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Both Heating and Cooling Are Needed for District Energy to Decarbonize Buildings

Young Hoon Kim
Nov 01, 2022

Guidehouse Insights smart city

Many European countries (e.g., Sweden, Denmark) have been increasing the use of renewable energy (e.g., biomass, wasted heat, solar) for district energy ([DE] i.e., heating and cooling) to reduce dependence on fossil energy. However, a recent Multidisciplinary Digital Publishing Institute research article indicates that the share of the energy demand for district cooling (DC) corresponds with 1%-2% of the EU27+UK energy demand in general, although the penetration of DC varies considerably from country to country. However, some regions other than Europe are using more DC for DE.

DC Can Contribute to Decarbonization

Some countries and regions, such as the US, Japan, and United Arab Emirates, use DC more than Europe, according to the International Renewable Energy Agency. According to this report, in Japan, the absorption chiller contribution of DC (over 60%) is high. In Korea, DC systems also utilize absorption chiller technology to provide cooling as a decentralized DC unit. As Figure 1 shows, this decentralized cooling unit can leverage provided heat from a combined heat and power (CHP) power plant or utilize recovered wasted heat because the absorption technology requires heat to provide cooling. The utilized heat for the Starfield Goyang shopping mall is waste heat and hot water from the nearby CHP plant. The Korean government also provides a subsidy for district cooling equipment, and the budget for subsidiaries was about $2 million in 2022.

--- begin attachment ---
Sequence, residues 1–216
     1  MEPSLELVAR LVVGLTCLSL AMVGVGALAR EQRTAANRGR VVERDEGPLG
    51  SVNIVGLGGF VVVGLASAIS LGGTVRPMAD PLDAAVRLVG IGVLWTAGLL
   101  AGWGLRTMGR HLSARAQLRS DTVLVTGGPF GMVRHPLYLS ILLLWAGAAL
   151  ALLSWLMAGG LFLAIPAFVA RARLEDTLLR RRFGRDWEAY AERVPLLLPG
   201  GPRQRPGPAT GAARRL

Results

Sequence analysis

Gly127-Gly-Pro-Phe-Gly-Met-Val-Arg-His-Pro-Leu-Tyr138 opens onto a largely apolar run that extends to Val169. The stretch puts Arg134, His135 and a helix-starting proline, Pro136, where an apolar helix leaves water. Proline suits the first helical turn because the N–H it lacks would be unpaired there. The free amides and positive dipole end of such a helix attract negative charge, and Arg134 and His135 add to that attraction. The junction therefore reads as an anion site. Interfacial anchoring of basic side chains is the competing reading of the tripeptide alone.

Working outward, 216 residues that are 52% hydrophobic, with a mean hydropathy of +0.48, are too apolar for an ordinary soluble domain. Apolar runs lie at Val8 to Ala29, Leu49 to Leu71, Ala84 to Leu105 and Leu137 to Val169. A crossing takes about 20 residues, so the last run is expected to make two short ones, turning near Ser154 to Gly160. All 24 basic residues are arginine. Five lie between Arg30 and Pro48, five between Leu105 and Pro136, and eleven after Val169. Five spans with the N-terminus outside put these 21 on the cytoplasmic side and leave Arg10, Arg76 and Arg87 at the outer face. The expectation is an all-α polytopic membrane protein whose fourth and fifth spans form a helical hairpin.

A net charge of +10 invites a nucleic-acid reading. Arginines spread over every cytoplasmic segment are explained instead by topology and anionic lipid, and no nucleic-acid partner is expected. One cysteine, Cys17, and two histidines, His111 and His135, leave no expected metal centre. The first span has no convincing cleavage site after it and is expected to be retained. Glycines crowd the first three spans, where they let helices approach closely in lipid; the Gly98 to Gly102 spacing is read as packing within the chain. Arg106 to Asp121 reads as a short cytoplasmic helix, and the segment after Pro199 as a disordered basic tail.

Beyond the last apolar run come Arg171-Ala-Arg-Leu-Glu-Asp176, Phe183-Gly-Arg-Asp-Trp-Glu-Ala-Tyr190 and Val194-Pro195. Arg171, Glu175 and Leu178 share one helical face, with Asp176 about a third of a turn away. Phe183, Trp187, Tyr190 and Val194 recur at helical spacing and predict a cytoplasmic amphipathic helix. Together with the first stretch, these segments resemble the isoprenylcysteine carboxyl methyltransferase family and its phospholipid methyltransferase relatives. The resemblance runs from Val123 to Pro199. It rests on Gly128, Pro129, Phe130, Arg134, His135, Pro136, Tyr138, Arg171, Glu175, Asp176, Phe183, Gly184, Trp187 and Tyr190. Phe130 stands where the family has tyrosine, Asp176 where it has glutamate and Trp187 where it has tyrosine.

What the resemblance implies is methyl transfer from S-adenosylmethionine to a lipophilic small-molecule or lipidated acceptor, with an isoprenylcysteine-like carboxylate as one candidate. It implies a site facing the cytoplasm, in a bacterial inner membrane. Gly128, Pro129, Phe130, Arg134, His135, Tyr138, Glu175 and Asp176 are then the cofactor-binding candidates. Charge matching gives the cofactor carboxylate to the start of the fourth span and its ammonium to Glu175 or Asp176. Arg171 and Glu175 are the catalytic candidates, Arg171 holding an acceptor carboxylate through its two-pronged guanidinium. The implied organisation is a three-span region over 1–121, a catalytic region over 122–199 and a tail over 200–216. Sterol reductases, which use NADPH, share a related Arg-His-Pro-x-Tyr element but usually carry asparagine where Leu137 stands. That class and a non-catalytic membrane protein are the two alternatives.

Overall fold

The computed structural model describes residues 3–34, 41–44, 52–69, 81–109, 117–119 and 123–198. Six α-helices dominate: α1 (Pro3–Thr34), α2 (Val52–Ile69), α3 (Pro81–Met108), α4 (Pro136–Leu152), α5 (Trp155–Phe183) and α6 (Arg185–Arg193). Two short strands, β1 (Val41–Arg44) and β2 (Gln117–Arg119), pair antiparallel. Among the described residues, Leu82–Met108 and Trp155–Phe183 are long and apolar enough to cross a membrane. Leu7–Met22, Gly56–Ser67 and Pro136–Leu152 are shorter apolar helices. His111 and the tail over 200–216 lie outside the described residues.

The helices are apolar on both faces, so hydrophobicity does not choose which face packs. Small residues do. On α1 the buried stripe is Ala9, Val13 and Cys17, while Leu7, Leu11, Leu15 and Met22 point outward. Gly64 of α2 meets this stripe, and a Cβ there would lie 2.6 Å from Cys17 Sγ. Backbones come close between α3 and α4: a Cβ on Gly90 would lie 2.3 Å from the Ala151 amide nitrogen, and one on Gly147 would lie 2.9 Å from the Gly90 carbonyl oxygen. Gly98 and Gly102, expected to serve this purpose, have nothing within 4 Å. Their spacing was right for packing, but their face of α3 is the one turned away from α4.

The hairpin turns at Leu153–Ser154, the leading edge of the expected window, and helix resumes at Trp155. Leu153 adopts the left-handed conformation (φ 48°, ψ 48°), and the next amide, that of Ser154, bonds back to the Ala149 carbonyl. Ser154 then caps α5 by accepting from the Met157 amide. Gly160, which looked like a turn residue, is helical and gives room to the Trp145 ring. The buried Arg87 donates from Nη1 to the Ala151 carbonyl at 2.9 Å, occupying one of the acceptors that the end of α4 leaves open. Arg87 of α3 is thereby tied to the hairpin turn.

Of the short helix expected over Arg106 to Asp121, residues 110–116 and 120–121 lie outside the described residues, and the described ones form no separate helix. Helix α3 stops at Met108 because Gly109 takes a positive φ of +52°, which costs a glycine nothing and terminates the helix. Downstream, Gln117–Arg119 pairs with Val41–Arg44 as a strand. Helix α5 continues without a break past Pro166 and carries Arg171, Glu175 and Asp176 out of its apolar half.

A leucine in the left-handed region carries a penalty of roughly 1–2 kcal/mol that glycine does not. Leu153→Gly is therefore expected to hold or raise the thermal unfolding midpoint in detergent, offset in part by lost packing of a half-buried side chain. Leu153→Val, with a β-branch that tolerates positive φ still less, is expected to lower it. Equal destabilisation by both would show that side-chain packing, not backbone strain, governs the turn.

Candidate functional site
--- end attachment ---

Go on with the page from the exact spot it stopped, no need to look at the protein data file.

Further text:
Figure 1. DC System Configuration Using an Absorption Chiller

DC System Configuration Using an Absorption Chiller

(Source: Kyunghyang Newspaper)

An additional benefit is that DC can use various renewable energy for decarbonization. For example, UAE-based Diamond Developers is planning to integrate solar-powered district cooling facilities within The Sustainable City Yas Island project in Abu Dhabi. The developers plan to install 10 distributed DC plants supplying chilled water to communities. In the project, the communal PV on the roof of parking areas can power the distributed DC facilities.

Europe's Decarbonization Plan May Need to Leverage DC in the Future

Although some European regions have not needed much cooling due to mild summers, the current climate issue, such as sudden heat waves, may increase regional cooling demand throughout Europe. Thus, European green district heating plans (e.g., Germany's Green District Heating Fund) that improve heat networks efficiency need to consider cooling as well in the future. Using more DC is also closely related to Europe's hydrogen utilization plan. For example, integrating hydrogen-powered fuel cells and absorption chillers can be a very efficient heating and cooling solution according to the U.S. Department of Energy. Consequently, for the future decarbonization of Europe, European countries may need to study technologies and market trends, such as DC, outside of Europe.